SEPTEMBER 24, 2013

Jake Lynch
Media Relations
Rails-to-Trails Conservancy


An Alternative List of Under-the-Radar Trail Adventures for October

WASHINGTON, D.C. - Fall is a great time for trail adventures. Cooler weather, that crisp, fresh air, and the bright colors of the season inspire outdoor enthusiasts everywhere.

Dominating the season's lists of best trails for fall are always the long, rural pathways of New England, famous for their colorful foliage where leaf-peepers flock each October.

But for those of you looking for a fall adventure that mightn't be on everyone's bucket list, we've uncovered some less-heralded rail-trail gems.

The Alternative List - 10 Great Trails for Fall

1. Allegheny River Trail
Clarion and Venango counties - Pennsylvania

A recent review: "Truly cannot say enough about the beauty of this trail. Each time I thought I had hit the pinnacle of scenery, I went around a bend and saw an even more spectacular view."
Pennsylvania is blessed with some of America's most scenic, and most visited, rail-trails. As beautiful as any of them, but slightly under the radar, is the Allegheny River Trail which runs 32-miles through the lovely Lake Erie region in the state's northwest.
In addition to the vibrant orange and yellow palette of the surrounding woodland this time of year, this stretch of the Allegheny River also features a number of historic railroad towns that welcome bikers, hikers, horse riders and fishermen drawn to this spectacular watershed and the rail-trail that passes through it. The 115-year-old Belmar Bridge, and the Kennerdell and Rockland tunnels are noteworthy highlights.

Map, photos and info:

2. Ontario Pathways Rail Trail
Ontario County - New York

The charming resort town of Canandaigua is one of the star attractions along this 19-mile rail-trail through New York's Finger Lakes region. The rural trail is the pride of an industrious community organization, Ontario Pathways, Inc., that purchased the unused railroad corridor and transformed it into a popular recreation destination. The trail includes twelve bridges over a myriad of creeks and streams that snake through this rich and fertile landscape.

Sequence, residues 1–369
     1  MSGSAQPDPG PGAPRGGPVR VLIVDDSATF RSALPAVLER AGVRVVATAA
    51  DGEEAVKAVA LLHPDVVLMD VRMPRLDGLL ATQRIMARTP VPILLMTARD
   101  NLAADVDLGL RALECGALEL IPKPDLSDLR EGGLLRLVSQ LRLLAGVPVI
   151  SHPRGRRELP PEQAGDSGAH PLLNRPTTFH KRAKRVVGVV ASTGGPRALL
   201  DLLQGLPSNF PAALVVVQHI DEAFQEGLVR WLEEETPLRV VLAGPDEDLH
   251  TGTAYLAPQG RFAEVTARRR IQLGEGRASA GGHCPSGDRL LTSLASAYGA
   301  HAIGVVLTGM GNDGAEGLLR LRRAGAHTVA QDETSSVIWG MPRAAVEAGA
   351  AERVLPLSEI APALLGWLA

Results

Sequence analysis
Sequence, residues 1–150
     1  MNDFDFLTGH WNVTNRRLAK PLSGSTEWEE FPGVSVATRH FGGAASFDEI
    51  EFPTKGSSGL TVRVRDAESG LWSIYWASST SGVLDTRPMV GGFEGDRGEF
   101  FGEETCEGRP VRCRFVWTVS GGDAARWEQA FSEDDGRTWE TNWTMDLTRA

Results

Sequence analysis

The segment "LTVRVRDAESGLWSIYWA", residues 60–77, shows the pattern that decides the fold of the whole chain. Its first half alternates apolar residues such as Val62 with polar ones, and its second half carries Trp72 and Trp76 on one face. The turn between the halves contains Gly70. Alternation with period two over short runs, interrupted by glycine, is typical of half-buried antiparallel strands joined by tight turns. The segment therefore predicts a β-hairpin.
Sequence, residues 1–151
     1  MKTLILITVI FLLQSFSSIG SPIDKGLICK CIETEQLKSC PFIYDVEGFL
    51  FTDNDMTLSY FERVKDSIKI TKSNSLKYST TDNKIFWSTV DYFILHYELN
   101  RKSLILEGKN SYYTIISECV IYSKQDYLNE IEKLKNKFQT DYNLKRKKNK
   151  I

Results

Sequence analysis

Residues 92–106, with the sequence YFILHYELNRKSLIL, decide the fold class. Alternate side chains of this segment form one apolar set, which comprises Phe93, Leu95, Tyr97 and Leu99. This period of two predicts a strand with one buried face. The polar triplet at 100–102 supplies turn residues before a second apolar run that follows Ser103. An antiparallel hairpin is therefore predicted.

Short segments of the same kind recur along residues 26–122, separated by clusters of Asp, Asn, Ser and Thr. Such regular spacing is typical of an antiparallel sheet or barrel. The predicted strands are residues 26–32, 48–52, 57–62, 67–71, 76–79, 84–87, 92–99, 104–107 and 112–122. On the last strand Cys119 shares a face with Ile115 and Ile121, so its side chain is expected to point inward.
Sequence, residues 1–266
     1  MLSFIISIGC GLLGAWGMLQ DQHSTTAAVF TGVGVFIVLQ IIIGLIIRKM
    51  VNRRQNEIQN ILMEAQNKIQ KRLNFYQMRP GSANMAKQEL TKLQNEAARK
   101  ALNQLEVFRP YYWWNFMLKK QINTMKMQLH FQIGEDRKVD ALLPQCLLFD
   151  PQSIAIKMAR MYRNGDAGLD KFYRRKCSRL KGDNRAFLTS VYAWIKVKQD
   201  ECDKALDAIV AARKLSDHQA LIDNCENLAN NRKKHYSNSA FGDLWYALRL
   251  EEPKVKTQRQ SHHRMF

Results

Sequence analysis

Canandaigua is the scene of October's Great Pumpkin Walk along the rail-trail, which is lined with hundreds of artistic Jack-0-Lanterns for the occasion. Cider and donuts are included in the small admission fee. Yes, you read that correctly. Cider and donuts. Included. Event info:

Map, photos and info:

3. North Bend Rail-Trail
Doddridge, Harrison, Ritchie and Wood counties - West Virginia

Big on beautiful natural scenery and small on crowds, the 70-mile rail-trail dives deep into the state parks and wilderness areas for which West Virginia is famous.
The North Bend Rail-Trail also passes through the small city of Salem, which during the first week of October puts on the wonderful Salem Apple Butter Festival. The heady aromas bring them in from miles around to see live demonstrations of old fashion apple butter making, the copper kettles suspended over a crackling wood fire.
Get ready to stay a while; there's also a grand parade, fireworks on the Saturday night, apple pie baking contests, horseshoe pitching and cornhole tournaments, a bicycle poker ride, and a 5k run along the rail-trail. Now that's a fall getaway weekend.

Map, photos and info:

4. River Trail of Illinois
Tazewell County - Illinois

Looking for something genuinely different this fall? The 7.5-mile River Trail of Illinois runs from East Peoria in the center of the state to the rural community of Morton, widely recognized as the "Pumpkin Capital of the World" (85 percent of the world's canned pumpkin is produced in Morton, so it's hard to argue with that).
Every October Morton hosts the thoroughly weird but certainly entertaining Morton "Punkin Chuckin" Contest, where enterprising Illinoisans build gigantic pumpkin launching machines out of gas tanks, aluminum piping and elastic slings and gather in a huge field to do their thing. The smart tip: bring lawn chairs as seating is scarce. Event info:
If you're keen to extend your trail trip, the lovely Rock Island Trail from Peoria travels through friendly small towns, classic Midwestern farmland and woodlands.

Map, photos and info:

5. Bizz Johnson National Recreation Trail
Lassen County - California